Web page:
Are you feeling stressed? You’re not alone. Many people struggle with stress management due to multiple responsibilities and overwhelming life demands. In moments of high stress, it can be difficult to think of strategies we can use to help us feel better. Mental health therapists often talk about “coping skills,” but what are these? Can you name a few? Sometimes they are not easy to identify. At River Oaks Psychology, we want to make this as easy as possible for you, so let’s talk about it and provide you with a list to keep in your pocket.
Coping skills are strategies and techniques that we use to manage stress, emotions, and challenging situations. Unhealthy coping skills may provide short-term relief from stress, but can have negative consequences on our physical and mental health in the long run. Examples of unhealthy coping skills include avoiding problems, neglecting responsibilities, lashing out at others, using drugs or alcohol to numb emotions, or engaging in self-sabotaging behaviors. On the other hand, healthy coping skills can improve our overall well-being and help us manage stress more effectively (see the list below).
Sometimes we may not be aware of the healthy coping skills that are available to us and it can take time and effort to develop new habits and ways of responding to stress in productive ways. We may feel stuck in old habits and it might feel exhausting to come up with new strategies, especially if we are dealing with anxiety or depression. Developing healthy coping skills may also require us to make changes to our daily routines or step out of our comfort zones, which can be intimidating and uncomfortable. Nonetheless, it’s important to practice healthy coping skills regularly, even when we are not experiencing high stress, to build our resilience and ability to manage challenging situations in the future. This practice also helps us manage any symptoms of anxiety and depression and keep other mental health challenges at bay.
It may take some experimentation to find the strategies that work best for you. Remember to be patient and persistent in developing and practicing these skills. Seeking the guidance of a mental health professional can also be helpful in developing healthy skills tailored to your individual needs and circumstances. We would be honored to meet with you and talk about the stress you’re facing. Therapy allows for a completely non-judgmental environment to receive genuine support and affirmation. We’ll talk about what’s working best for you, what’s not working, and how we can make small changes to improve your mood, emotions, and overall wellness. If you’re struggling, don’t hesitate to reach out to us.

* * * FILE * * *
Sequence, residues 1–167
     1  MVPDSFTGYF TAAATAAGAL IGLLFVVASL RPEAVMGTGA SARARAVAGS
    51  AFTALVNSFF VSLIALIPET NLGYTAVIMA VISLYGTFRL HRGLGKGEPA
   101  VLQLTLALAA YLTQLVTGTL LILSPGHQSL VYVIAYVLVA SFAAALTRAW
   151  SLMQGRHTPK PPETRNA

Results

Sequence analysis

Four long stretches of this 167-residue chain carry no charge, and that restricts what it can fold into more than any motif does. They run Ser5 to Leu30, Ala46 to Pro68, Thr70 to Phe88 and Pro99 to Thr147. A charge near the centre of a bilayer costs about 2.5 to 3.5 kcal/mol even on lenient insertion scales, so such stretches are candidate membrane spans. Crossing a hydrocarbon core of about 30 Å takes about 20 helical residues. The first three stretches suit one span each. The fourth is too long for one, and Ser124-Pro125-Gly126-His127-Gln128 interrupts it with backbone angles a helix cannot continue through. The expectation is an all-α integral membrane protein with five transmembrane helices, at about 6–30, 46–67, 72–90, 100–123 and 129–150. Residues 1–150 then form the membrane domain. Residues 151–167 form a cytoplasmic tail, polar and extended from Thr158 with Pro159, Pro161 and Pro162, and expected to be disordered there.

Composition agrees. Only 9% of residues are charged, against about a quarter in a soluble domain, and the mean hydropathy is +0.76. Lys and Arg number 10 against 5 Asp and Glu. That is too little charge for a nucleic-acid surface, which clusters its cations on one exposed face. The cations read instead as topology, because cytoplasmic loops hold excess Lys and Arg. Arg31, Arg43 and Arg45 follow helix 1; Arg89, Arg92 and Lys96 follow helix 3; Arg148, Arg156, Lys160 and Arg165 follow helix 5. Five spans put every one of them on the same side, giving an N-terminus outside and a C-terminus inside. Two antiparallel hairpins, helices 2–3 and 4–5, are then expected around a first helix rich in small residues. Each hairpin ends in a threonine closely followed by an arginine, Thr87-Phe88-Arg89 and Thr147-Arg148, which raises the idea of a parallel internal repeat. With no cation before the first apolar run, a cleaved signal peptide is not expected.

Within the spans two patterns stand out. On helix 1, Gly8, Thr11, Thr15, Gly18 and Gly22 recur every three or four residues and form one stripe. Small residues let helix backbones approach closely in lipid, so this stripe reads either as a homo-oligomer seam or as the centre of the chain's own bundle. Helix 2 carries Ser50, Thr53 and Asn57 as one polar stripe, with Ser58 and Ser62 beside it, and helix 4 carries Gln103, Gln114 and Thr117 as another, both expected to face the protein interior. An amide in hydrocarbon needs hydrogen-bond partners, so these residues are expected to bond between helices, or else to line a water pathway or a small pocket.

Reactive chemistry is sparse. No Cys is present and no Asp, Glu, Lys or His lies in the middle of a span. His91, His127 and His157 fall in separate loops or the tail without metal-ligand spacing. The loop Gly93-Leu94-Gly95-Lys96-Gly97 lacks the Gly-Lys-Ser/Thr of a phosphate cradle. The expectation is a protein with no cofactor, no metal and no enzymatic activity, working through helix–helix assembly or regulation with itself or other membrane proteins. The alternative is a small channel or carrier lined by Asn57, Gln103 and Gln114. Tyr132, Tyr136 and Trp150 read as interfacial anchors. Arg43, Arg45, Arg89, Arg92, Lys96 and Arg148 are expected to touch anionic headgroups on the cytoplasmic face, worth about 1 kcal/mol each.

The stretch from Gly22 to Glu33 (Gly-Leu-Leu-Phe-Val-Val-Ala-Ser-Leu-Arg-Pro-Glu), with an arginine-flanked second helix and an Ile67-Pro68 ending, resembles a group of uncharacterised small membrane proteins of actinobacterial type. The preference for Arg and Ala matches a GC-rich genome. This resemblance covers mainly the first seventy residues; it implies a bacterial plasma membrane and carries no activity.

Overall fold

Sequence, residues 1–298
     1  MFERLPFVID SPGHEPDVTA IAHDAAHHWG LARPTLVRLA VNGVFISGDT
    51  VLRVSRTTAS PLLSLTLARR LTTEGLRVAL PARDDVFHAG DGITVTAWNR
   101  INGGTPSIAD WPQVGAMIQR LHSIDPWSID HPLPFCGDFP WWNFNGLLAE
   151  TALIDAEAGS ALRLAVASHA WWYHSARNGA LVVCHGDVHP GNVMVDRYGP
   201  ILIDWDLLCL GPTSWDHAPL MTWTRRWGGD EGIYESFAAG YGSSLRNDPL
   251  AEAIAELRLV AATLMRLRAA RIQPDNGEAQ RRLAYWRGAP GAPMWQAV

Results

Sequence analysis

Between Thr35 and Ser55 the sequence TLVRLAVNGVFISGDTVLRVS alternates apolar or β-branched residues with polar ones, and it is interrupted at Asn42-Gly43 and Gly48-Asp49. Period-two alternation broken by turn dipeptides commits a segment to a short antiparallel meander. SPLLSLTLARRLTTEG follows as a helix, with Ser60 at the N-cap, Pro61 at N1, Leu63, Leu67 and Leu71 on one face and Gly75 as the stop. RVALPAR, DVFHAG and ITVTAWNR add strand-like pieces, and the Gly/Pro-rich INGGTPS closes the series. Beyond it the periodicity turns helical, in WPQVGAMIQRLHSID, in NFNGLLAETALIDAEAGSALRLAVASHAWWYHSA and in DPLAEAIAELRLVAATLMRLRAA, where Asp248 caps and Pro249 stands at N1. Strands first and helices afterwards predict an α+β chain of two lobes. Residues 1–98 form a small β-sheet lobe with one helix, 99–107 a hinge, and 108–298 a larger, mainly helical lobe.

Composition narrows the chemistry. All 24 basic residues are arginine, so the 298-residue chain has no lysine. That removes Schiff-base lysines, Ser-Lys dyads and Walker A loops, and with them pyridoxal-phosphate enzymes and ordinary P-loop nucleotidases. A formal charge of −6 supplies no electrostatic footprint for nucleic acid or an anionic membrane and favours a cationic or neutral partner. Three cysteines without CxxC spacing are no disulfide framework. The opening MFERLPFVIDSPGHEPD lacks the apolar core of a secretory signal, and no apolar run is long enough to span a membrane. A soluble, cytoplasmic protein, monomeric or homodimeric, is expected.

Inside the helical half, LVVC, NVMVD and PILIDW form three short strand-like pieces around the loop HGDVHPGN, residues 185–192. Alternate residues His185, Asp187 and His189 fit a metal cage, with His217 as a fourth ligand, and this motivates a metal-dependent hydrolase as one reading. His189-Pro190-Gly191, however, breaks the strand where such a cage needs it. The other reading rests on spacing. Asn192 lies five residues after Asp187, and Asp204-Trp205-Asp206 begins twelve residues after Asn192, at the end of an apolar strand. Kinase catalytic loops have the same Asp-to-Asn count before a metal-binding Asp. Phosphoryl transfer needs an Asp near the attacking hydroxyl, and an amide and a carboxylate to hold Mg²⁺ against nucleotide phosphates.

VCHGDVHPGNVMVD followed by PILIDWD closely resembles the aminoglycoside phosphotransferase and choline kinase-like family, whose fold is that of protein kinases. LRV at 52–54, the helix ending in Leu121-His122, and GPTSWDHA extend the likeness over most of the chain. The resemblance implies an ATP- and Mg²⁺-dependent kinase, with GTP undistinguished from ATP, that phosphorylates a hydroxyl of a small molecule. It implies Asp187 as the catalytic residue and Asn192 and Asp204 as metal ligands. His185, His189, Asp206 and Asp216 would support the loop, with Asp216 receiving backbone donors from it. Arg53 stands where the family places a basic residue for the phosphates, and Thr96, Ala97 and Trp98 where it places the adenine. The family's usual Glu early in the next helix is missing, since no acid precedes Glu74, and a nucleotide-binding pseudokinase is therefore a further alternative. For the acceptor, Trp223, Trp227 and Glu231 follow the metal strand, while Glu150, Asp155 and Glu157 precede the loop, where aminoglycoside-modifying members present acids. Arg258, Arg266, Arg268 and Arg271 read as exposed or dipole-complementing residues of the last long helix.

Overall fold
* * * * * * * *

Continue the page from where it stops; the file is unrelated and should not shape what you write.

Here are 30 examples of healthy coping skills for stress management.
1. Take a break by detaching yourself from the stress.
2. Exit the stressful environment for a moment.
3. Break large responsibilities into small pieces.
4. Make lists of what you need to do. Check off each item one at a time.
5. Identify anybody in your life who can help you with the problem.
6. Reframe your obstacles into opportunities.
7. Remind yourself of the bigger picture – will this matter in the future?
8. Adjust your standards and expectations – are you asking too much of yourself?
9. Take a moment to practice gratitude and introspection.
10. Do some deep breathing and find something you can see, hear, touch, smell, and taste.
11. Let go of the things you can’t control and remind yourself that nobody has all the power.
12. Look for the upside / silver lining – what can we learn or take away from this experience?
13. Try to be more accepting of imperfections and allow for mistakes.
14. Visualize a positive outcome – try to imagine things turning out well.
15. Find a way to bring humor into the situation.
16. Make a list of pros and cons for difficult decisions.
17. Write a list of your personal strengths and characteristics.
18. Consider challenges as opportunities to grow.
19. Brainstorm solutions and write down next steps.
20. Practice assertive communication to express what you need.
21. Show yourself appreciation and self-compassion.
22. De-escalate emotions by reminding yourself that stress always passes.
23. Look for the gray areas – can anything become more flexible?
24. Step back to assess if anything is being overgeneralized.
25. Determine if any deadlines, decisions, or dilemmas can be delayed.
26. Reflect on the worst-case scenario and assess the likelihood of this.
27. Identify faulty thinking and challenge your perceptions.
28. Normalize your symptoms of stress and remember you are human.
29. Acknowledge your emotions instead of ignoring how you feel.
30. Allow yourself space and time to decompress from frustration.
Written by Lauren Presutti